Reply Thu 12 Jan, 2012 05:57 am
@oralloy,
oralloy wrote:
. . . which in practice leads to human rights violations if you over-strech concepts like "war", "prisoner", and the like.

I don't see any way between us to reach agreement on this point. I'm giving up the effort.
0 Replies
 
oralloy
 
  1  
Reply Thu 12 Jan, 2012 12:46 pm
@izzythepush,
izzythepush wrote:
Oralboy is a ******* idiot.


As always, your childish namecalling does little to balance your lack of a real argument.



izzythepush wrote:
Terrorists are criminals, using terms like 'war on terror' legitimises their actions,


Nothing has been legitimized. They are still eligible to be tried, either by a military tribunal or by a regular Article III court.
izzythepush
 
  2  
Reply Thu 12 Jan, 2012 01:18 pm
@oralloy,
Guantanamo Bay is a monument to America's lawlessness, and is Al Qaida's greatest recruiting sergeant. If you want to win the war on terror, close down Guantanamo Bay.
oralloy
 
  1  
Reply Thu 12 Jan, 2012 04:15 pm
@izzythepush,
izzythepush wrote:
Guantanamo Bay is a monument to America's lawlessness,


There is no lawlessness. The law says we have the right to detain POWs until the end of the war.



izzythepush wrote:
and is Al Qaida's greatest recruiting sergeant. If you want to win the war on terror, close down Guantanamo Bay.


If we moved the POWs into prisons somewhere else, the terrorists would not be any happier about it.
0 Replies
 
OmSigDAVID
 
  1  
Reply Sat 14 Jan, 2012 08:15 am
@izzythepush,
izzythepush wrote:
Guantanamo Bay is a monument to America's lawlessness, and is Al Qaida's greatest recruiting sergeant.
If you want to win the war on terror, close down Guantanamo Bay.
What do u propose that we do with the Moslems?

Incidentally, how many more Moslems did Al Qaeda recruit
than it woud have if we did not have it in operation ?

I dunno, but I suspect that there was no difference;
i.e., more of them probably did not join up for the chance of being housed there.





David
0 Replies
 
OmSigDAVID
 
  1  
Reply Sat 14 Jan, 2012 08:23 am
@izzythepush,
izzythepush wrote:
I do like your notion of shipping exploitative employers off to Gitmo though.
If we send the EXPLOITATIVE ones THERE, then where
shud we send the EXPLOITIVE ones ?
izzythepush
 
  1  
Reply Sat 14 Jan, 2012 08:30 am
@OmSigDAVID,
Somewhere that doesn't know how to spell.
0 Replies
 
Irishk
 
  1  
Reply Thu 28 Jun, 2012 04:58 pm
Somalia's Prisons: The War on Terror's Latest Front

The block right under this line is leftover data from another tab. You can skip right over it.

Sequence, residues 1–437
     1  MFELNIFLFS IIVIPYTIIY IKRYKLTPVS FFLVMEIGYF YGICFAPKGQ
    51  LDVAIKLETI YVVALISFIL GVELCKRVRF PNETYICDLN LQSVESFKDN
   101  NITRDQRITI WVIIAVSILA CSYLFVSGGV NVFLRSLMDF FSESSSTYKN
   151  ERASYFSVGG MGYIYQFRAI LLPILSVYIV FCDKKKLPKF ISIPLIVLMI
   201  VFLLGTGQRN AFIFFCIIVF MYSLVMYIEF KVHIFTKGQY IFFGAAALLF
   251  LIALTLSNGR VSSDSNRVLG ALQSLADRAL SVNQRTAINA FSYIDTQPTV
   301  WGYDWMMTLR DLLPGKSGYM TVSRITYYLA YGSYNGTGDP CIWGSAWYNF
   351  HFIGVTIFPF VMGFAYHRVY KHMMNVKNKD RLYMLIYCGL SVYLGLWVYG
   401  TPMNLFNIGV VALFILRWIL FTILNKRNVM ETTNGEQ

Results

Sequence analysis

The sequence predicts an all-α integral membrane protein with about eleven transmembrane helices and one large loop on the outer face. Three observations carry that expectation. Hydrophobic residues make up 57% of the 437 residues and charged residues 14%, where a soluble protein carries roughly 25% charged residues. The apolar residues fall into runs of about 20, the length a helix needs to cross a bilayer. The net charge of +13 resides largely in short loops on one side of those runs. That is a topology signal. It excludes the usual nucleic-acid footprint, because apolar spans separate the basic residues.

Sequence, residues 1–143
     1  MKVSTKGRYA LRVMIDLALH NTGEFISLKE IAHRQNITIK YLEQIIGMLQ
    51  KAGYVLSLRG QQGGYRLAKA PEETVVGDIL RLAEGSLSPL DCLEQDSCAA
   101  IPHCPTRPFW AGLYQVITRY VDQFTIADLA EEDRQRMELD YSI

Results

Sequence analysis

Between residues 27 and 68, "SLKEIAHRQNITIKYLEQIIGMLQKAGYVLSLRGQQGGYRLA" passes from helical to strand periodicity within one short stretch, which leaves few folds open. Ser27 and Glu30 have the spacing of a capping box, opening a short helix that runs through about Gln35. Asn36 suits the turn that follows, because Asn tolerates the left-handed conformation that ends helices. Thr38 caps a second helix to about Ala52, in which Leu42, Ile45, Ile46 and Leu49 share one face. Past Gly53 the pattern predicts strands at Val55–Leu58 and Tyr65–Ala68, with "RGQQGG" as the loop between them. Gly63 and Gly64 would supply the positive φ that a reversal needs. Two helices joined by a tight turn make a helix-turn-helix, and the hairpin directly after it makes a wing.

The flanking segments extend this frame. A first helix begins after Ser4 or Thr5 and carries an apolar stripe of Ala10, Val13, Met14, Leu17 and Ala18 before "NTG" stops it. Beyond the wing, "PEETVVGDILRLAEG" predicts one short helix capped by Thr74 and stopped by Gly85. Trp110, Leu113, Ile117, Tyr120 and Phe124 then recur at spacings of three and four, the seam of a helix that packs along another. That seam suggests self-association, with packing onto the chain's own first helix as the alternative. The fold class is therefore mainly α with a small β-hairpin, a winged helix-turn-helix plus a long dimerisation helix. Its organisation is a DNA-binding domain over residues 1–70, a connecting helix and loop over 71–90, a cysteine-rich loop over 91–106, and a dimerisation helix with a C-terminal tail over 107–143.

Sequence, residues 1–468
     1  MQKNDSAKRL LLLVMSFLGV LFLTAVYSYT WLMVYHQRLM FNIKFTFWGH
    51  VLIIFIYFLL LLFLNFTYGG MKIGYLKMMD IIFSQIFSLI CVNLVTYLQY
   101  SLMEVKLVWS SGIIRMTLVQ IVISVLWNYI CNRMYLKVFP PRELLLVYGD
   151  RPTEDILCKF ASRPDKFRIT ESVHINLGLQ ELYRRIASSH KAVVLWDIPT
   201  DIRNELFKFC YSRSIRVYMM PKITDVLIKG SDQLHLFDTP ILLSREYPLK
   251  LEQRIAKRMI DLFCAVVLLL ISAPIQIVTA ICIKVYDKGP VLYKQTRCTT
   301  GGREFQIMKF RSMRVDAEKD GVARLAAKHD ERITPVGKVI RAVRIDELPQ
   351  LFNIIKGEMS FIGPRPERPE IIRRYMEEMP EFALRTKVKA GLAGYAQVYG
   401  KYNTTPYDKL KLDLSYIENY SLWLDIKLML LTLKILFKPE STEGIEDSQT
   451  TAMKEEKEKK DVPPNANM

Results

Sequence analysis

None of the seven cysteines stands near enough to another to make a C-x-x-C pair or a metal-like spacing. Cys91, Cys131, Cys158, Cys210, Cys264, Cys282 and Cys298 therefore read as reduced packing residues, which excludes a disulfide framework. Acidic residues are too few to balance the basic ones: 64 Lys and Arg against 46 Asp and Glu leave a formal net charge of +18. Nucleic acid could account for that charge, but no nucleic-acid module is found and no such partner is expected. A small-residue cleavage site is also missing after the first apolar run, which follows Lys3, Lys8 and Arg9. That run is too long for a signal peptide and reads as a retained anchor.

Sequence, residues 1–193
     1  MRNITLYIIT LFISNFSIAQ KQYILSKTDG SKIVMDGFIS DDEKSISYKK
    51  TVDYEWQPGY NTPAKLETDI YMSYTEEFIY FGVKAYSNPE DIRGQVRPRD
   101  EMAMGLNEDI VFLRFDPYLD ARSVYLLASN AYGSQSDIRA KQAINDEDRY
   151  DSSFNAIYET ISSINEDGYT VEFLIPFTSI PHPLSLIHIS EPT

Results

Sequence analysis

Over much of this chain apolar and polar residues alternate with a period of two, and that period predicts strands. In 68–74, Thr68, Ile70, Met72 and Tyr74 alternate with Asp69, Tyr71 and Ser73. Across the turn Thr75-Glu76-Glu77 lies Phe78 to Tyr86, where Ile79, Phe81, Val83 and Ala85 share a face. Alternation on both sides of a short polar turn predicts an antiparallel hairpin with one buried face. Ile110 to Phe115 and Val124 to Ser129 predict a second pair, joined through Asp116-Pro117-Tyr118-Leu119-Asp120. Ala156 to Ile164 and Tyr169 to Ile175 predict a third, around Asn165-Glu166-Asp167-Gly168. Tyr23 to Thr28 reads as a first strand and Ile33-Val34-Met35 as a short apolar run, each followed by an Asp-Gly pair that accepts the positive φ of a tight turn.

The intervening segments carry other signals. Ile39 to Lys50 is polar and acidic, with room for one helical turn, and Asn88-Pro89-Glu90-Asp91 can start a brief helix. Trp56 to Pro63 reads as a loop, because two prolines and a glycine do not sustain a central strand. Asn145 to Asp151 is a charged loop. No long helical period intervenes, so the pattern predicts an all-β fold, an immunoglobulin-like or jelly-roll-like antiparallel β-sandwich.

Jun 27, 2012 6:30 AM EDT

The U.S. wants out of the international jailing business. So what happens when we catch a terrorist abroad? In Somalia, they end up in a living hell.

So now it’s official: United States soldiers have been hunting down al Qaeda affiliates in Somalia. When the White House confirmed earlier this month what has long been an open secret, most of the ensuing chatter focused on the need for greater transparency about the expanding war on terror.

Less discussed was what happens to all those alleged terrorists when they’re captured alive.

One answer can be found here in the dusty Somali port city of Bosaso, where corrugated-metal shacks look as if they might be blown away in the next storm, and summer temperatures easily top 110 degrees. Overcrowded, underfunded, and reeking of urine, the Bosaso Central Prison could make even the most dedicated insurgent regret ever getting into the terrorism business. Many inmates don’t have shoes, and instead of uniforms, they wear filthy T-shirts and ankle-length garments wrapped around their waists that resemble sarongs (called ma-awis in Somali). When I visited earlier this year, the warden, Shura Sayeed Mohammed, told me he had 393 prisoners in a place designed to hold no more than 300. He said that since 2009, he had received 16 inmates captured by Americans.

Pentagon spokesman James Gregory wouldn’t confirm the number of prisoners the U.S. has sent to Bosaso, only that it has handed over prisoners, “back over to where they came from.” He said the U.S. is “returning them to their government, and their government takes them.”

Bosaso, along with other remote prisons around the world, is one of the less well-known and least-understood aspects of the war on terror. When President Barack Obama came into office, he expanded the scope of Central Intelligence Agency and military-drone operations in the Islamic world, while also taking steps to end America’s role in detaining suspects captured overseas in that war. He shut the remaining CIA black site prisons in Europe, and handed over high-value Iraqi detainees to the Iraqi courts. Guantanamo Bay no longer takes new inmates, though it continues to house prisoners who haven’t yet been transferred to other countries.
0 Replies